The Big Apple: Citywide stats improve. . . a bit

VOWs prove useful to buyers searching for new homes

Brokerage firms are getting into the digital game themselves, creating a “virtual office Web site” or VOW.

These are sites operated by brokers that enable clients to search for most of the available properties in a particular market, not just the firm’s exclusive listings, according to the New York Times.

While brokers have mixed feelings about whether these sites are worth the investment, the emergence of the VOW is yet another sign that once tightly guarded listing information has finally been set free in New York.

Dollar value of citywide sales climbs from Q1 to Q2 as seasons change, but sales activity slips 4 percent below one year earlier

The total dollar value of New York City’s residential sales transactions jumped 13 percent in the second quarter of 2011 to Continue reading

The Big Apple: Schools, smoke, slides and more

If you can’t beat them, you don’t have to let bedbugs join you

Adam Greenberg, president of USBedBugs.com, one of the country’s largest online retailers of anti-bedbug gear, tells BrickUnderground.com that, in comparison with the rest of the nation, New Yorkers are “ahead of the curve” on knowing what to do about bedbugs.  Says he:

“Therefore, New Yorkers are both more hands-on in the products they buy for monitoring and treatment of bedbugs and also more proactive at purchasing prevention items like mattress encasements and travel protectors.”

Because almost everyone knows someone who has experienced bedbugs by now, they know the value of the prevention items, Greenberg explains.

Topping his list of 10 preventative items purchased are luggage and clothing encasements–that is, containers for containers.  For the other nine, visit BrickUnderground.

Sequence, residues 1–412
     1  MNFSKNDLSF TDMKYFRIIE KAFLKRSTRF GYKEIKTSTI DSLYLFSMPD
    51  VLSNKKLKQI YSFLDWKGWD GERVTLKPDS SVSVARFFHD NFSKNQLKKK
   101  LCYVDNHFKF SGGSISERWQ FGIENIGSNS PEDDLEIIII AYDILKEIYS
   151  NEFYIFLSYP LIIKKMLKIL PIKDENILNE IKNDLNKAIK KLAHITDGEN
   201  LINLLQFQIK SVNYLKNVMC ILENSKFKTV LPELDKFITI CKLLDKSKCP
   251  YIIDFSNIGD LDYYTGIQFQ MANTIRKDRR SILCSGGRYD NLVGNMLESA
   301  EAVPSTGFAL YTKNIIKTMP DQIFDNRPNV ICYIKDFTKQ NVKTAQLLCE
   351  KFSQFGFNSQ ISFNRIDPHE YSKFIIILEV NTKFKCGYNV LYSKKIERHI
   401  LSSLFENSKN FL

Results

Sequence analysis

New Web site points to best public schools using your maximum price to purchase or rent

SchoolFisher.com is for New Yorkers “who want Continue reading

The Big Apple: Look for 1,200 new condos this year

NEWSPAPER SAYS SALE OF FORMER VILLAGE NURSING HOME SIGNALS MARKET RECOVERY

In 2007, before the financial world turned upside down, a condominium developer signed a contract to pay more than $33 million for a former assisted living facility in the heart of the West Village.

More than three years later, the developer, FLAnk, has closed on the purchase of the building at Hudson and West 12th streets. FLAnk paid just a few million dollars short the full pre-crash price: $33.3 million.

The deal is the latest sign that the city’s residential development engine is beginning to crank up again, opines the Wall Street Journal.

SITE OFFERS EXPANDED PROPERTY SEARCHES FOR BUYERS

Pulling data from the Real Estate Board of New York’s RealPlus database–which collects listings information from brokerages– Continue reading

The Big Apple: Median price grew most here

My coverage of New York City news likely will be sporadic over the next couple of weeks, but please do check here to catch up with important developments or perhaps my idle musings.

BANKS STRUGGLE TO SEIZE HOMES, MORE SO IN NEW YORK THAN ANYWHERE ELSE

It takes longer to foreclose on homes in New York than in any other state—and it’s getting longer every month.

Two years ago, the state began requiring that banks and borrowers attend settlement conferences before a foreclosure takes place.